Good luck to you!

Turner said...

I think every expat is destined to be in your state of mind after so much time. Ten years... I am impressed. I understand where you're coming from. After four years off and on in Asia, I was just sick of being the outsider. Despite the good pay and "stability" (stable, but hardly room for advancement), I just wanted to come back and pick up the pieces of a life I started in the US. So I did. Still trying to make it work. Thank you for your insights and support; I hope I can do the same.

Adeel said...

I don't think the public school teacher glut is really that bad. I'm not sure what it's like in BC per se, but you will find a permanent position in Ontario through a combination of time and in-demand skills (eg math, physics, French). Having had prior teaching experience will help.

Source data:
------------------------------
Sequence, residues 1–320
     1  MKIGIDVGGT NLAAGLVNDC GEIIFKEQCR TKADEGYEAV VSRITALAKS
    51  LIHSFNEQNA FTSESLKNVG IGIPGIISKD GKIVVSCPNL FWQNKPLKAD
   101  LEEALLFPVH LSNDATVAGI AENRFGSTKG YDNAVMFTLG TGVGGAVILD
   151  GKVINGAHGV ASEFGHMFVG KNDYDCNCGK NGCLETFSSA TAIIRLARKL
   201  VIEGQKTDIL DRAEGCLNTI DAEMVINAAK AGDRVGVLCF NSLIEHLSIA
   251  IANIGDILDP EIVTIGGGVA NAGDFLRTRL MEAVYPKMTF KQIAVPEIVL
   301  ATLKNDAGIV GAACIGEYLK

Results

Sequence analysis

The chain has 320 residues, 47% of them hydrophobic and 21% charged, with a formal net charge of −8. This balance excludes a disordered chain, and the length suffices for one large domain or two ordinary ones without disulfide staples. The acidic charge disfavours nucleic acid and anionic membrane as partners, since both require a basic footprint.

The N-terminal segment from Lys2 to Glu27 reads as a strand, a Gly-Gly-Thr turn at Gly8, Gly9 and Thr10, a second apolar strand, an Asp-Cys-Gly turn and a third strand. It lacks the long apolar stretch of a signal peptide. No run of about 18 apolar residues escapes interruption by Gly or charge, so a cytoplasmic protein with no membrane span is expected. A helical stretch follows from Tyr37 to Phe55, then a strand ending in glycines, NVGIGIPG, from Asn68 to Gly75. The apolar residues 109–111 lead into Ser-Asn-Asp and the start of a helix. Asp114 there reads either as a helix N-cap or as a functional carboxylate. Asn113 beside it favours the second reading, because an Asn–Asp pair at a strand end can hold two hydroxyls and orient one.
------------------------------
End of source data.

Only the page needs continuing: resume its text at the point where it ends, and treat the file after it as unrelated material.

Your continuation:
Now, I haven't done this myself, but everybody I've ever met who has become an Ontario certified teacher after the age of, say, 25 has been able to find a permanent position within a year or two. A few of them have taught in Korea.

cdncarlie said...

Please don't feel bad or ashamed for having those feelings. I realize this is a horrible comparison, but in a way, I know how you feel.

I've spent most of my adult life here in the States, which I know isn't that much since I'm 24, but I can't help but long for my Canadian home in Edmonton. All my family's there and I hate that I only see them every 2 or so years if I'm lucky. I'm tired of having to watch what I say (you should see the look on people's faces when you say eh) and people gawking at my accent.